Here at Tithe Barn Primary School, we love to read!
The Importance of Phonics
Word-reading is one of the essential dimensions of reading; the other is comprehension. Skilled word-reading involves working out the pronunciation of unfamiliar printed words (decoding) and recognising familiar printed words. Underpinning both of these is the understanding that letters represent the sounds in spoken words. Fluent decoding supports pupils’ comprehension, because they don’t have to devote mental energy to individual words. A good grasp of phonics is also important for spelling, contributing to fluency and confidence in writing. (DfE 2012)
Phonics is the method of teaching reading and writing by correlating sounds with letters or groups of letters. There are 44 sounds in the English language which we put together to form words. Some sounds are represented by one letter like the 't' in tin, whilst other sounds are represented by two or more letters like 'ck' in duck.
Children are taught the sounds, how to match them to letters and finally how to use the letter sounds for reading and spelling.
Phonics in Reception and Year 1
At Tithe Barn, we follow a fully resourced Systematic Synthetic Phonics Programme called 'Rocket Phonics', which enables children to learn how to read and write. Teachers use a combination of digital and printed resources, along with a fully matched series of decodable reading books. There is also an online platform, meaning that books and resources can be assigned digitally, to be used at home.
The Rocket Phonics lessons follow a Review, Teach, Practice and Apply format. Lessons last 30 mins and are taught four times per week. By the end of Reception, children who are working at Age Related Expectations will have been taught all of the sounds and Common Exception Words in Set 1 and they will have completed Practice Books 1, 2 and 3 and they should be reading a yellow or yellow plus coloured book.
By the end of Year 1, children who are working at Age Related Expectations will have been taught all of the sounds and Common Exception Words in Set 2 and they will have completed Practice Books 4, 5 and 6 and they should be reading an Orange coloured book.
Year 2, children working at Age Related Expectations should now know all of alphabetic code, so no new sounds are introduced, but decoding strategies are still revised and referred to frequently, as a means to decode new and unknown words.
By Phase 6, children should be able to read hundreds of words using one of three strategies:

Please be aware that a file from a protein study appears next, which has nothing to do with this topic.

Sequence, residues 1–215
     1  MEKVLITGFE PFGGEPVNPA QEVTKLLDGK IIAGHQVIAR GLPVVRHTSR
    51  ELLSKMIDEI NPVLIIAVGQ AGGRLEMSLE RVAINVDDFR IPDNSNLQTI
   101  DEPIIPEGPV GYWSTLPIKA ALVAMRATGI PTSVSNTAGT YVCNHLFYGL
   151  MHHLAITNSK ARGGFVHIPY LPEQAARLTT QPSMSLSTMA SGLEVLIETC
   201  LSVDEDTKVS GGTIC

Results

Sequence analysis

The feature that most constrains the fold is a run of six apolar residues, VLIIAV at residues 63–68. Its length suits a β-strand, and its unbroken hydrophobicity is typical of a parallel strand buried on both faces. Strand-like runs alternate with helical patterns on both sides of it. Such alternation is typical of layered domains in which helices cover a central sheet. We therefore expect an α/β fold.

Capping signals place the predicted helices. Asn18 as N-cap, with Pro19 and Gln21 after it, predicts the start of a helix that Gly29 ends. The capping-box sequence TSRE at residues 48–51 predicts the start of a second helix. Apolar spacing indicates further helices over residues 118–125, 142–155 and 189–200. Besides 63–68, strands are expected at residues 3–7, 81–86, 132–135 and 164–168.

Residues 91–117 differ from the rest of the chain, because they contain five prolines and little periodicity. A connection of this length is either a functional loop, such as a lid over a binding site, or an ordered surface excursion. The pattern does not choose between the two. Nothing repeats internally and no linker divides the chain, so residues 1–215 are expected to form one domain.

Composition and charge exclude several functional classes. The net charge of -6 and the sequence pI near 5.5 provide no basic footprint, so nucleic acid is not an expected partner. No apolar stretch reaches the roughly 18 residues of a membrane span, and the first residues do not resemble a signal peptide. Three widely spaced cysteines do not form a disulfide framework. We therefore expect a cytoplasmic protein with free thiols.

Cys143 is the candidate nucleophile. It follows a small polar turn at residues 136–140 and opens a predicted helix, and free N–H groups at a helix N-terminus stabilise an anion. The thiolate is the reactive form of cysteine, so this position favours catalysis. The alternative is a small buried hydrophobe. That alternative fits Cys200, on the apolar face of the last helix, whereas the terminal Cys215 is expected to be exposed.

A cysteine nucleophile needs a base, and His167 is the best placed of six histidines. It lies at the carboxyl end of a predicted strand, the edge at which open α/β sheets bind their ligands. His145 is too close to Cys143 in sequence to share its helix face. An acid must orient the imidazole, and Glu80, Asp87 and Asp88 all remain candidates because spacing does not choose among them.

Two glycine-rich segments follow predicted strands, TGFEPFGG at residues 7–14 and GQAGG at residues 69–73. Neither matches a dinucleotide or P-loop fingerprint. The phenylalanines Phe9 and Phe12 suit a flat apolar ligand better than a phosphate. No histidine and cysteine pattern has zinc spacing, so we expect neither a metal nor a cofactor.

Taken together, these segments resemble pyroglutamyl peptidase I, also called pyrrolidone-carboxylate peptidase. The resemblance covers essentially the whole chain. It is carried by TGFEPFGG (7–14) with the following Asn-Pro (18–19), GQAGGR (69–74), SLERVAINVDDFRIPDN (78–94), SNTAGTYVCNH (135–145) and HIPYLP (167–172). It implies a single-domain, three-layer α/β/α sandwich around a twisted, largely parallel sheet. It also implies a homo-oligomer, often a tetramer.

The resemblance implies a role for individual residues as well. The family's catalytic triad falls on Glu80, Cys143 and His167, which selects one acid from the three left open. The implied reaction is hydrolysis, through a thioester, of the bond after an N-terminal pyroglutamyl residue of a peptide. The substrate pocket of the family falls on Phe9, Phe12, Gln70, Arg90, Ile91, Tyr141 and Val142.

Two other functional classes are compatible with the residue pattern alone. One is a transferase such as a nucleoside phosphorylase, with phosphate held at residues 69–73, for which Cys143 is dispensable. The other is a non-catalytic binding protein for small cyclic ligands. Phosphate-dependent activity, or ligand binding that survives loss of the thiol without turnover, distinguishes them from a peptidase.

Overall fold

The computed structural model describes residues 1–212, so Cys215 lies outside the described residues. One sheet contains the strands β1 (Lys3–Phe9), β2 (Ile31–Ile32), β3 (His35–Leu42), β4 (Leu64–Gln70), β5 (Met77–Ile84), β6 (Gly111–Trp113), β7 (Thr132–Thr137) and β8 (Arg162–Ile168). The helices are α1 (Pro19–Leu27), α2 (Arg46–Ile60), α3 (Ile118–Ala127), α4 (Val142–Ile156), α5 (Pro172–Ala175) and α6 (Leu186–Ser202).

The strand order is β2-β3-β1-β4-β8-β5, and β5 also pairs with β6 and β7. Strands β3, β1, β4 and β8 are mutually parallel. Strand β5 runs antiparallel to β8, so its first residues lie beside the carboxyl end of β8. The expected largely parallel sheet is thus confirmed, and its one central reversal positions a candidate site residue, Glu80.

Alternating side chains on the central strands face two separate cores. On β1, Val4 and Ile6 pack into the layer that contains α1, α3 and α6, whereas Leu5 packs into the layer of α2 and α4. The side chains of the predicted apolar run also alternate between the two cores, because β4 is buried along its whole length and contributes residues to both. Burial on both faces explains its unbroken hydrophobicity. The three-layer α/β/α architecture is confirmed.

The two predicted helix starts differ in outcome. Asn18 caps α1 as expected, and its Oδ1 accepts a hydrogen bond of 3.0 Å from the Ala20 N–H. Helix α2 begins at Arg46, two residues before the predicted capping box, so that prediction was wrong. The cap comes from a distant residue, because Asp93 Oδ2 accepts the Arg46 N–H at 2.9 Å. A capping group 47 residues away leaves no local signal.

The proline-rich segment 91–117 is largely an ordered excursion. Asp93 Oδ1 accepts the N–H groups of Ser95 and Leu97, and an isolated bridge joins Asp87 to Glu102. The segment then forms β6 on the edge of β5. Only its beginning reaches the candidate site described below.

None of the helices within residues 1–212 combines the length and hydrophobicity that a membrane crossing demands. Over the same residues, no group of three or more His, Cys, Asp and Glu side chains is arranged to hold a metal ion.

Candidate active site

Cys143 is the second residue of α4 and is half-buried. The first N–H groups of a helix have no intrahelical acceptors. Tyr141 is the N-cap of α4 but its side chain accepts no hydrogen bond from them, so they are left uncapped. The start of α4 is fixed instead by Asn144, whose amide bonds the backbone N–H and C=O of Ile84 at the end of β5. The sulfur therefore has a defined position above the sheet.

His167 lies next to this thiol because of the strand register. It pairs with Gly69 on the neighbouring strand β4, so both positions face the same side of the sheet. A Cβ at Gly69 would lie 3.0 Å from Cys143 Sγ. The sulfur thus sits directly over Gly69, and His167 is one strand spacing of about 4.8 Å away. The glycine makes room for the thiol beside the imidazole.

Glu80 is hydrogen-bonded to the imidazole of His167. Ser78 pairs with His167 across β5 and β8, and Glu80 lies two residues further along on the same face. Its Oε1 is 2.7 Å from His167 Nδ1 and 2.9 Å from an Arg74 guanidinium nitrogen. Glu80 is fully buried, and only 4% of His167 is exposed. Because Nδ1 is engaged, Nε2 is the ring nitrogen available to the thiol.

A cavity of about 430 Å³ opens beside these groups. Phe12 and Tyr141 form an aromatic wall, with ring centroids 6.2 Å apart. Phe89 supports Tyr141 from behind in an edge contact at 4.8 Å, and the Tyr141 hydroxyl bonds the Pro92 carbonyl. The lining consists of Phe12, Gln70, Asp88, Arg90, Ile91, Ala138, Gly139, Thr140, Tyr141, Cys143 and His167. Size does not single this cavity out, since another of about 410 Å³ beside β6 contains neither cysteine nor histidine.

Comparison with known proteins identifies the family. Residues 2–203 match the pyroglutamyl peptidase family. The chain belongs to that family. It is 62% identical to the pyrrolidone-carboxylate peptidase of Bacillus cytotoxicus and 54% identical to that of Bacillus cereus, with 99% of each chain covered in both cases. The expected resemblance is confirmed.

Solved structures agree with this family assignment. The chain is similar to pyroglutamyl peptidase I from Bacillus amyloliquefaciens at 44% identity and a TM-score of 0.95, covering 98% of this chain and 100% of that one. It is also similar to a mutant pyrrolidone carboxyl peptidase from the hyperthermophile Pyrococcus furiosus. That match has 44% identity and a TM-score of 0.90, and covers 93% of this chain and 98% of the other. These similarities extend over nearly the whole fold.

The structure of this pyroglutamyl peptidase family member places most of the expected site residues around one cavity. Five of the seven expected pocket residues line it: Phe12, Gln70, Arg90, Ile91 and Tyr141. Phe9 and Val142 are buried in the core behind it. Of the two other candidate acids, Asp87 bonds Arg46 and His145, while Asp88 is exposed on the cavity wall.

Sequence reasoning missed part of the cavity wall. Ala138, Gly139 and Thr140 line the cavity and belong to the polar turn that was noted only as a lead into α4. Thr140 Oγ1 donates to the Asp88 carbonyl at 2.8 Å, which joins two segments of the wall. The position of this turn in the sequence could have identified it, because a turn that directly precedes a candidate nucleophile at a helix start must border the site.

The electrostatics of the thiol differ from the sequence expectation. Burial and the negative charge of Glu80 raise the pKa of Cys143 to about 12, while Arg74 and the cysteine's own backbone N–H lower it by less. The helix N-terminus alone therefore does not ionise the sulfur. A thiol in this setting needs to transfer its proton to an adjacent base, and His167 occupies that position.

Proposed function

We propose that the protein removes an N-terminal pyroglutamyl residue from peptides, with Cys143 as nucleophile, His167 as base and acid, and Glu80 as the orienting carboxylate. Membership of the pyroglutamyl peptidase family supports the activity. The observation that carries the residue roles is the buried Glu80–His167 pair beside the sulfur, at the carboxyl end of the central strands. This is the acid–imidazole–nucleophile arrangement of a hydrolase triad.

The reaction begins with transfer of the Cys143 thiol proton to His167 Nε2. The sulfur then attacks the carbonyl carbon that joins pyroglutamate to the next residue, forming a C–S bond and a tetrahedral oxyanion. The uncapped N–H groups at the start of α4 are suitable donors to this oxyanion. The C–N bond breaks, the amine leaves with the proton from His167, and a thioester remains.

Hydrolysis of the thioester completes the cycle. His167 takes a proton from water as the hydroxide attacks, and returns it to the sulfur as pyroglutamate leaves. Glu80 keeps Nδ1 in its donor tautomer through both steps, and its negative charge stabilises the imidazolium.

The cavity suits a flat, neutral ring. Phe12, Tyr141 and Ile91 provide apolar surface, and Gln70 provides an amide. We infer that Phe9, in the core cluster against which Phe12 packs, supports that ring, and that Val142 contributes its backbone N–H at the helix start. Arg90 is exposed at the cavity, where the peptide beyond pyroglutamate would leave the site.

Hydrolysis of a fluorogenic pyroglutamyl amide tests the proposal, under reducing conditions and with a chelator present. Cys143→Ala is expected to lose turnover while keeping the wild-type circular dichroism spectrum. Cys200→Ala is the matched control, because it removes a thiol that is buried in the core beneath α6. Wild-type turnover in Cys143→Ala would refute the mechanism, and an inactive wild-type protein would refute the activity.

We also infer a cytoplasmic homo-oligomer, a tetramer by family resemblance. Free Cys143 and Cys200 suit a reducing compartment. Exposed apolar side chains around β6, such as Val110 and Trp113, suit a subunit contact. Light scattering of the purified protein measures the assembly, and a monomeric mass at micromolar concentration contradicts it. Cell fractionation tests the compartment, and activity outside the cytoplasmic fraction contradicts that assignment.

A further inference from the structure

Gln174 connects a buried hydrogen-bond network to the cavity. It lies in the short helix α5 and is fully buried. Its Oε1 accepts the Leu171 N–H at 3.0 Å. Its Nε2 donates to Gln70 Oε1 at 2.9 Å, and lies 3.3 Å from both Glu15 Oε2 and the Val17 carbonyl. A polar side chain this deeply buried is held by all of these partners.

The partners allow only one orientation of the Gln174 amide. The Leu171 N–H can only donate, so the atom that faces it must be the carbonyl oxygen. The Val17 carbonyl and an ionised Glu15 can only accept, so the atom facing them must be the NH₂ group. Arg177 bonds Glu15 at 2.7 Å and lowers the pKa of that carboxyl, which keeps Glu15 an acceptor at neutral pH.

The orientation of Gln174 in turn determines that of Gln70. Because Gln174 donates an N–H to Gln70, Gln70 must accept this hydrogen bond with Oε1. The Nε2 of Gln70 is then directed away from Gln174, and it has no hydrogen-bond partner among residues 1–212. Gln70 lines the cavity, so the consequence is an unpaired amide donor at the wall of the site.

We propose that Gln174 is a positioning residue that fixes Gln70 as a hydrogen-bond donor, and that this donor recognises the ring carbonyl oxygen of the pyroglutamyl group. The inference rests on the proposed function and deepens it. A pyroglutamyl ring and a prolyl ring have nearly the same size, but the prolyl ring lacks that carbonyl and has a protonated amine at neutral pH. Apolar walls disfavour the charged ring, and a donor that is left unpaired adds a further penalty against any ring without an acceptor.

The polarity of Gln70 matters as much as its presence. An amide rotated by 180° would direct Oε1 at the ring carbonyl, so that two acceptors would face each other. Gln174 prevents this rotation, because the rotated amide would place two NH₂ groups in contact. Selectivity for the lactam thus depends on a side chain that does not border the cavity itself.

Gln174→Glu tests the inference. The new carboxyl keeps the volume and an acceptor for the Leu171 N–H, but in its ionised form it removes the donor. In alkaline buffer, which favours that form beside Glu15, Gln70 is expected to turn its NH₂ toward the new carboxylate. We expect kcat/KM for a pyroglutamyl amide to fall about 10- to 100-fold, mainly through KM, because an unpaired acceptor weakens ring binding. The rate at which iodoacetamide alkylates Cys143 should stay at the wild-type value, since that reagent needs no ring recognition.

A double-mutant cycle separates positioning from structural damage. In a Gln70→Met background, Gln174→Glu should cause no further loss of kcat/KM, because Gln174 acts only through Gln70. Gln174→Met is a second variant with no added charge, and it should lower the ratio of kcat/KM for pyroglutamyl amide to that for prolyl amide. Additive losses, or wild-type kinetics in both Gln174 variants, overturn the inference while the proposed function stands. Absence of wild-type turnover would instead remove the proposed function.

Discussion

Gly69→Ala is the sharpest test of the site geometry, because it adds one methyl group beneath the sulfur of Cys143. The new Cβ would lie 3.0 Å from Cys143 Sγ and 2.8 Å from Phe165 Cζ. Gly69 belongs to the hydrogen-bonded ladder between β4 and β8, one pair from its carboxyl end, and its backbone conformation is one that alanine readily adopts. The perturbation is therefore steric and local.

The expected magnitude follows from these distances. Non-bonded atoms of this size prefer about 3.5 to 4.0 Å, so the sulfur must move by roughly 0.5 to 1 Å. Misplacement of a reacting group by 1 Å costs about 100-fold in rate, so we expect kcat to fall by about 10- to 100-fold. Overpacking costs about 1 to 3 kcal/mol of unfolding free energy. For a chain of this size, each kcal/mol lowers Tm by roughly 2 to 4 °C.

- Reading them automatically
- Decoding them quickly and silently
- Decoding them aloud
Children should now be spelling most words accurately (this is known as 'encoding'), although this usually lags behind reading. They will also learn, among other things:
- Prefixes and suffixes, e.g. ‘in-’ and ‘-ed’
- The past tense
- Memory strategies for high frequency or topic words
- How to use a dictionary
- Where to put the apostrophe in words like ‘I’m’
- Spelling rules
Although formal phonics teaching is usually complete by the end of Year 2, children continue to use their knowledge as they move up the school. ‘The whole aim of phonics teaching is not just to learn the sounds, but to use them as a tool for reading and spelling. ‘Everything leads on to independent reading and writing.
Technical Vocabulary Explained:
- Phoneme: the smallest unit of sound. There are 44 phonemes in English. Phonemes can be put together to make words.
- Grapheme: way of writing down a phoneme. Graphemes can be made up from 1 letter e.g. p, 2 letters e.g. sh, 3 letters e.g. tch or 4 letters e.g ough
- Digraph: a grapheme containing two letters that makes just one sound (phoneme).
- Trigraph: a grapheme containing three letters that makes just one sound (phoneme).
- GPC: grapheme-phoneme correspondence
- Blending: Looking at a written word, looking at each grapheme and using knowledge of GPCs to work out which phoneme each grapheme represents and then merging these phonemes together to make a word. This is the basis of reading.
- Oral Segmenting: Hearing a whole word and then splitting it up into the phonemes that make it. Children need to develop this skill before they will be able to segment words to spell them.
- Segmenting: Hearing a word, splitting it up into the phonemes that make it, using knowledge of GPCs to work out which graphemes represent those phonemes and then writing those graphemes down in the right order. This is the basis of spelling.
Set 1 sounds taught during Reception - Flash Card Set 1 download PDF below
Set 1 sounds taught during Year 1 - Flash Card Set 2 download PDF below
The Alphabetic Code
This short video for parents, carers and families explains what the English alphabetic code is and how we teach it through the Rocket Phonics SSP programme.
Phonics Screener information for Parents
In Year 1, during the month of June, all children are required to sit the statutory Phonics Screener check. Children will be shown a mixture of real words and alien words, containing a mixture of phase 3 and phase 5 sounds. Your child will be asked to read the word, which they can either sound-out and blend or just read. Children either pass or don't pass the test. Children who don't pass the test, are given the opportunity to re-sit the test during the Summer Term of Year 2. We have a workshop for parents in January which provides further information on this assessment.
Rocket Phonics Pupil and Parent Guide